The Digital Journalist
Tech Tips
December 2006

by Chuck Westfall

I want to switch my color-managed workflow from Adobe RGB to Pro Photo RGB. My question is: Digital Photo Professional does not list Pro Photo RGB as an option in the color management preferences. DPP does list Wide Gamut RGB. Is this the same thing?

Wide Gamut RGB and Pro Photo RGB are similar color spaces in the respect that both are wider than Adobe RGB, but strictly speaking, Pro Photo RGB is a slightly wider color space than Wide Gamut RGB. In practice, this distinction is virtually meaningless for most applications, since the extra width of Pro Photo RGB vs. Wide Gamut RGB consists for the most part of imaginary colors that cannot be reproduced. The best way to decide which color space you prefer is to try them all. This is relatively easy to do as long as you have DPP for Wide Gamut RGB and Adobe Camera RAW or another converter that supports Pro Photo RGB.

Can I follow up your answer with another question?: Wouldn't the best option then be to set DPP to Wide Gamut RGB to get the most possible color from each image? Then set Photoshop to preserve the embedded Wide Gamut RGB working space? Thanks again – and I'm looking forward to your response.

The decision to use Wide Gamut RGB or Pro Photo RGB mostly depends on what you plan to do with the image. In order to take maximum advantage of all the colors in the file, you need to print it with a high-quality inkjet printer that has enough gamut to make it worthwhile. In the current Canon lineup, the best choice would be the imagePROGRAF iPF5000, with its Lucia ink set, because it includes red, green and blue inks in addition to cyan, photo cyan, magenta, photo magenta, yellow, and three shades of black. For more information on the iPF5000, visit this Web page:

Keep in mind that you won't see all the colors in a Wide Gamut RGB image on your computer screen, no matter how good it is. Also, you won't see all the colors if you use a printer with a gamut smaller than the color space in the file. This would include most standard photo-quality inkjet printers that only have subtractive colorants. For these printers, Adobe RGB is sufficient. To get a better understanding of these issues, it would be a good idea to study color management. One of the best textbooks on this subject is "Color Confidence" by Tim Grey.

[In terms of Canon lenses,] should I use IS Mode 2 all the time? If not, why?

The answer to these questions largely depends on whether you're shooting hand-held or from a tripod. For hand-held photography, I recommend Mode 1 for stationary subjects and Mode 2 for panning, with any IS lens that has both modes. When using a tripod, the first thing you need to think about is whether to use IS at all. Unless you are using one of our IS super-telephoto lenses (i.e., 300/2.8L IS, 400/2.8L IS, 400/4 DO IS, 500/4L IS, or 600/4L IS), I recommend shutting off the IS for best results. If you are using one of the aforementioned IS super-telephoto lenses on a tripod, the choice between Mode 1 and Mode 2 is largely a matter of personal taste. If there is any possibility of panning, Mode 2 is best. If not, it doesn't make any difference.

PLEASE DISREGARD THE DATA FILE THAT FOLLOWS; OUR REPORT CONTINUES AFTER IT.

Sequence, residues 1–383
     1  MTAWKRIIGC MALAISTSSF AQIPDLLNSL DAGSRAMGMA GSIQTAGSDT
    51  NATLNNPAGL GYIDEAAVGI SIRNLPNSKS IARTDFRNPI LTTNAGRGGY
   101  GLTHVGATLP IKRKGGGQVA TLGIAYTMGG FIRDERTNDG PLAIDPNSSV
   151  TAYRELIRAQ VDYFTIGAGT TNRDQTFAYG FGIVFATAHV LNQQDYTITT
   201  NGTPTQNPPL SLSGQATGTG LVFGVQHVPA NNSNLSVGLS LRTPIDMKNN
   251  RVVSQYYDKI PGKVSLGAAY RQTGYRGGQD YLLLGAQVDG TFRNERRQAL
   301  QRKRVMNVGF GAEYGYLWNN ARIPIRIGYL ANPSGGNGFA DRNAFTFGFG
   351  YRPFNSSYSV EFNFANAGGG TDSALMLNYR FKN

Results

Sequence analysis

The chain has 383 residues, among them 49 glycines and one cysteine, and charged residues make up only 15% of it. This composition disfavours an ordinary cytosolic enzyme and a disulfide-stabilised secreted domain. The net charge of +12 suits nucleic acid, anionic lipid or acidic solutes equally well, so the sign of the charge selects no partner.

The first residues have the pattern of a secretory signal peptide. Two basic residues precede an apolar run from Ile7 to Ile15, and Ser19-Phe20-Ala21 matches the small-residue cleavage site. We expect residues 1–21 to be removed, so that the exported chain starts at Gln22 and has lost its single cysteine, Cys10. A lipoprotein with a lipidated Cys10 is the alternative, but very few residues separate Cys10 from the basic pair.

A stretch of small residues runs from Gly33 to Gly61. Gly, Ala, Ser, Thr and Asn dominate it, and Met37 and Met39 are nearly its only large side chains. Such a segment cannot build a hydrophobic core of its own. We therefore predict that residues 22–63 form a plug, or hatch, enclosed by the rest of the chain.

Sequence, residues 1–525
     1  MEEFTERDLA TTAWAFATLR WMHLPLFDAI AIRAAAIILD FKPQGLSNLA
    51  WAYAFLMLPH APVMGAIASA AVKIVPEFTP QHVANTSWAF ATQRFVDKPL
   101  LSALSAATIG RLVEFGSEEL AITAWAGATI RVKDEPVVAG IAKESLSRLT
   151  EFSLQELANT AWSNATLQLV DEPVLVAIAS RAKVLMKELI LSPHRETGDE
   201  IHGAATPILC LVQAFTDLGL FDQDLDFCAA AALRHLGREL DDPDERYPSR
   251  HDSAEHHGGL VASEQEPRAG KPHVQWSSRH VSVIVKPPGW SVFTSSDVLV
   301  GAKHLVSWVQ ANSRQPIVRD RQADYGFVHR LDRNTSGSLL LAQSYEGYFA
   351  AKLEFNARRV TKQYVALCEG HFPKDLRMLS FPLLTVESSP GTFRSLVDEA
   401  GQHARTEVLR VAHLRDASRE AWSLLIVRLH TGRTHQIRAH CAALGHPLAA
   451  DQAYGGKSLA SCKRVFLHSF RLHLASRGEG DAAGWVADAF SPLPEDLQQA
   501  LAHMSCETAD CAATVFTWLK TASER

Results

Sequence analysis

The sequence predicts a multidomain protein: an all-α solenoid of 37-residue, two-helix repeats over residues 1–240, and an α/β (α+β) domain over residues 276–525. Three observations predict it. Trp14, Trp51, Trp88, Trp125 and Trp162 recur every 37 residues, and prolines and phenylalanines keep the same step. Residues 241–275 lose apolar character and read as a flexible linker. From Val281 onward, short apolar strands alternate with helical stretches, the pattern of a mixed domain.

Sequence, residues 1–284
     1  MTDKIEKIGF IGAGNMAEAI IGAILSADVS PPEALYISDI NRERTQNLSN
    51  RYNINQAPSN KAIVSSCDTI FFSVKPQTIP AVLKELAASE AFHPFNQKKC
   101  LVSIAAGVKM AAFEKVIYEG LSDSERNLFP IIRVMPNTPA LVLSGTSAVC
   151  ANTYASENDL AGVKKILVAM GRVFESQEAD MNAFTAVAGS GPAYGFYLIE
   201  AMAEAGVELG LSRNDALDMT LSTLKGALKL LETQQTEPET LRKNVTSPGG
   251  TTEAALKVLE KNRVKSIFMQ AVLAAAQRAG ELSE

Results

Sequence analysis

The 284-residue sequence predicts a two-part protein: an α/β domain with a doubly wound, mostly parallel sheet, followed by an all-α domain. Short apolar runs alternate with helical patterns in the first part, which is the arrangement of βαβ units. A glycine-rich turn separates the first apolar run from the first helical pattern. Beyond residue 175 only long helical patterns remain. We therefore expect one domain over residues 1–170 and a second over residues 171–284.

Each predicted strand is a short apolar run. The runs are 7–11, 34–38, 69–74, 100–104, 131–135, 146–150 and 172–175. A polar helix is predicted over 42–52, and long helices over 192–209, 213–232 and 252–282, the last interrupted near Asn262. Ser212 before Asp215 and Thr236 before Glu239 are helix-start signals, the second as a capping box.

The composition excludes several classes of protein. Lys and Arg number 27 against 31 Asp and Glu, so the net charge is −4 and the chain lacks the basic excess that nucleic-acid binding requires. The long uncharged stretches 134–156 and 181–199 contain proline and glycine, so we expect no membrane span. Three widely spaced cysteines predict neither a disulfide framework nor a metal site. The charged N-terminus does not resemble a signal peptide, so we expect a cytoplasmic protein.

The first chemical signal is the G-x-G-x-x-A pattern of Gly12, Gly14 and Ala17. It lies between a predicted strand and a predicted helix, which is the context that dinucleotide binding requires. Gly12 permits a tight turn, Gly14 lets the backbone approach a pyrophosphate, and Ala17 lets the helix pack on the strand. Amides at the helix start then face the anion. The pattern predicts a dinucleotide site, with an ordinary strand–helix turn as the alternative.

(For the benefit of readers who might be unfamiliar with Canon's nomenclature, Mode 1 on an IS lens attempts to compensate for vertical and horizontal camera movement simultaneously. Mode 2 shuts off IS in the panning direction when panning is detected.)

I have recently noticed on images taken with my EOS-1D Mark II that almost in the center of all of the images, I see what I expect to be a hot or stuck pixel (only one). It looks like a clear hole in the image. None are red color as described in a lot of the posts on this topic. None of my images are long exposures. I usually shoot high school sports and candids. I am trying to understand if there is any work-around that I can do. Is there a re-mapping process that is available to me, or must I clone it out of all my images? Unfortunately, it is almost in the center of the image so it will appear on many faces. I don't think that there will be any issue with uncropped or minimally cropped images, but it is clearly visible on a tightly cropped enlarged image. I would appreciate any comments or experience you have had with this issue, and, do I need to prepare myself for a new sensor? I just had my shutter replaced.

Canon Factory Service in Jamesburg, N.J. should be able to "map out" the bad pixel so that it won't be necessary to replace the image sensor. They might handle it as a warranty repair, even if your warranty has expired, but I would suggest checking with them ahead of time to discuss that issue.

I just picked up my camera from the Jamesburg repair facility; one of the circuit boards was replaced, camera cleaned and adjusted - all considered under warranty. Thanks!!

You're welcome! Glad I could help.

Here's a recent quote from Mark Cohran on the "Canon Digital Photography Forum" at Photography-on-the-Net forum...

"There have been some indication from Canon (Chuck Westfall) that the 1D line will merge in the future, but there haven't been any press releases that I've seen recently that have supported this statement."